Yet the Spirit of God touches us, heals us, welcomes us home. My friend Roger Crawford, a former professional tennis player was born with only two fingers on one hand and one on another. He tells the story of feeling ashamed of his hands, of wanting to hide them in his pockets. And his mother patted him on the back and said, Roger, take your hands out of your pockets, stand up tall, and be proud of who you are. His mother took his hand in hers and they walked tall. 12Now we have received not the spirit of the world, but the Spirit that is from God, so that we may understand the gifts bestowed on us by God.

It was a joy to see that little orphan from Columbia bust out of the crowd and rush toward Pope Francis. The pope, so controlled, so protected, so ritually ordered, so pompous. The pope’s helpers tried to get the boy to leave but Pope Francis just patted him on the head and allowed him to sit in the papal seat. Let the children come, says Jesus. We fall short of the glory of God, and yet God reaches out to us through Christ. The hands of Christ come to heal where hands have broken, to join hands long divided, to lift up where we have lost our grip, to open where we have been closed, to lead when we are lost, to be that loving and trusting touch where we feel fear and shame, to wash when we have been made unclean, to give all when all has been taken, to rise up to life when death nails us down.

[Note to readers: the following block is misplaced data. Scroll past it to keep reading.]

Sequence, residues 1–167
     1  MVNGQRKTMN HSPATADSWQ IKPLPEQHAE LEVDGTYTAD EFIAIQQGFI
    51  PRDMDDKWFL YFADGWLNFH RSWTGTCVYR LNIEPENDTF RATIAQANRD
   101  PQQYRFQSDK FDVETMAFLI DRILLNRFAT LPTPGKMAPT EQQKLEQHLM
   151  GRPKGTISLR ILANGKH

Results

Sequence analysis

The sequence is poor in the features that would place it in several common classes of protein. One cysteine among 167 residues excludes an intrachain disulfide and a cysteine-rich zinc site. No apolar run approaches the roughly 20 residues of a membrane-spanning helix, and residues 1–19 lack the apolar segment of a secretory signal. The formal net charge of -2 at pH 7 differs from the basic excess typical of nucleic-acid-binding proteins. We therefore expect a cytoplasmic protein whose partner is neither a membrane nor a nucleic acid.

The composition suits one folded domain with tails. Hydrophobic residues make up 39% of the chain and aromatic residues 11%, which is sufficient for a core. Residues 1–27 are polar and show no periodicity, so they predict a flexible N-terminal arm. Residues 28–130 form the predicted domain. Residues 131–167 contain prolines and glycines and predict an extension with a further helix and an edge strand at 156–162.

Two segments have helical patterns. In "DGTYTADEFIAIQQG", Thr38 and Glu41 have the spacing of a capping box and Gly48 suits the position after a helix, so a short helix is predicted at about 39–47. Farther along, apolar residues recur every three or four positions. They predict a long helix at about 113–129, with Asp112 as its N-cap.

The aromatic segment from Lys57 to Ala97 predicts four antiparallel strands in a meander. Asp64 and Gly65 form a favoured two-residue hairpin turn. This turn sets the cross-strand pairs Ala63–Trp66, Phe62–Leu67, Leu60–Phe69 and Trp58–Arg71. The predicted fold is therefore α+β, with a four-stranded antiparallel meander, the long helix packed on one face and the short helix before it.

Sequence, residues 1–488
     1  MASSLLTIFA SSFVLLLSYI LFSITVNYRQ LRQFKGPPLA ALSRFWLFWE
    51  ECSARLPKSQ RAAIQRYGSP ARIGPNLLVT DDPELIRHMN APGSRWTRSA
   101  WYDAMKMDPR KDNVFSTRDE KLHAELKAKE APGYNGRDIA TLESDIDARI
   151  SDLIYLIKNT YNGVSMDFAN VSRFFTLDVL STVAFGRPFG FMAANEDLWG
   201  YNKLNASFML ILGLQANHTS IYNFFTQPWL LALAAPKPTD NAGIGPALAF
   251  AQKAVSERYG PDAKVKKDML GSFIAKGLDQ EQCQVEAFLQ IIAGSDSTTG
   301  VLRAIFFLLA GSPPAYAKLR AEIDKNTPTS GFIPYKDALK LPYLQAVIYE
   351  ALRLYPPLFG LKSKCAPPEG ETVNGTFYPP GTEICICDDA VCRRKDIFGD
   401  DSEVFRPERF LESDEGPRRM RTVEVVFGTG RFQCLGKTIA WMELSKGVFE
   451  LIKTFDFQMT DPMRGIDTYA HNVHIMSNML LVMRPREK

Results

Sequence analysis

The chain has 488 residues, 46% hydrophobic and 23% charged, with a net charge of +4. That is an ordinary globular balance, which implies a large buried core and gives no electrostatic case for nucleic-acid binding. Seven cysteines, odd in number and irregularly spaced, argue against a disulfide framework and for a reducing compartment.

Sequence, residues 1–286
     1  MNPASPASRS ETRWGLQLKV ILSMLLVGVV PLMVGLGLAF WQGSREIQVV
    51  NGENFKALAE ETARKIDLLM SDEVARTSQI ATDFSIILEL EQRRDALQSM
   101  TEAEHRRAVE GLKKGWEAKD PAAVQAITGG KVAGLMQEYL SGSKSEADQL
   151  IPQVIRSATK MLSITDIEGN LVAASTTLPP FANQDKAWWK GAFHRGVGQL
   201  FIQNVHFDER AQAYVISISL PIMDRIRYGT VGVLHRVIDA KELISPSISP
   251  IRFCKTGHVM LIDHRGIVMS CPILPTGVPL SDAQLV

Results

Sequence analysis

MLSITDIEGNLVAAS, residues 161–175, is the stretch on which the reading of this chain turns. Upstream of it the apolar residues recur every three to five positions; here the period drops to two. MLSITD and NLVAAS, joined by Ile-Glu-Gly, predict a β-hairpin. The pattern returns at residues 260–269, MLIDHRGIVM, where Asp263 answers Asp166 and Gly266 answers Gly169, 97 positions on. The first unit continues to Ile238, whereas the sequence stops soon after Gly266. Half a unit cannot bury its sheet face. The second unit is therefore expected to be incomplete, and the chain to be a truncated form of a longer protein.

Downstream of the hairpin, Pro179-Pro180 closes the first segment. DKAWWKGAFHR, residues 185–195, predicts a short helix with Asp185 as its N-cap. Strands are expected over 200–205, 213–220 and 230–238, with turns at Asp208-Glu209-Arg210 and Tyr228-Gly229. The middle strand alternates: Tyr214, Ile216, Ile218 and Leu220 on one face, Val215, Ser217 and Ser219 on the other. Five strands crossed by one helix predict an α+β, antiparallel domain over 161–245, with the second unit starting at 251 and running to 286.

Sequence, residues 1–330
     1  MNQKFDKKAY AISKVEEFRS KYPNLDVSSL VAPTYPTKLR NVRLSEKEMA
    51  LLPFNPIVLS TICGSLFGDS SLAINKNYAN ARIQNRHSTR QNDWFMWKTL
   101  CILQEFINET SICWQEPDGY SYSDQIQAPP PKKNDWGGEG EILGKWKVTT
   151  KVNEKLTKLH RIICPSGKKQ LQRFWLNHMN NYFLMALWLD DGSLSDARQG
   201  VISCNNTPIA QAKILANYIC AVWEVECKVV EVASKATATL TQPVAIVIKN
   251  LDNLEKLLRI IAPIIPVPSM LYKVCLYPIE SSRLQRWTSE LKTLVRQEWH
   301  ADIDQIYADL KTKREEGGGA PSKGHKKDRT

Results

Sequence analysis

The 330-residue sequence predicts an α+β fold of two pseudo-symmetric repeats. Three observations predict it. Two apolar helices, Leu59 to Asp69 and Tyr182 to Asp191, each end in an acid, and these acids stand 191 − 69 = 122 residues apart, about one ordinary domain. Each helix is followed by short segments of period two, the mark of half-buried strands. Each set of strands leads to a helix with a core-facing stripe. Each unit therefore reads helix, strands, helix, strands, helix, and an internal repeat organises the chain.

Father, into thy hands I commit my spirit. What powerful lines! Jesus hands are nailed to the cross, bleeding to death. He has lived his life to the full, committed to love and forgiveness for all. He has remained faithful to God and the result is that evil and sin in the world nails him to the cross to die. Father, into thy hands I commit my spirit. It shows both power and integrity, and humility and trust. Someday our hands will grow cold. The hands of those who have held us will grow cold.

And yet Jesus trusts that his Spirit, our spirit will not grow cold, it will not be lost, but we will be held, loved, supported and nurtured in the warm and gracious hands of the eternal God. And so we too face each day and our last with the power and humility of faith, saying Father, into thy hands I commit my spirit.

Now, let us press our hands together before our heart, bow our heads and pray.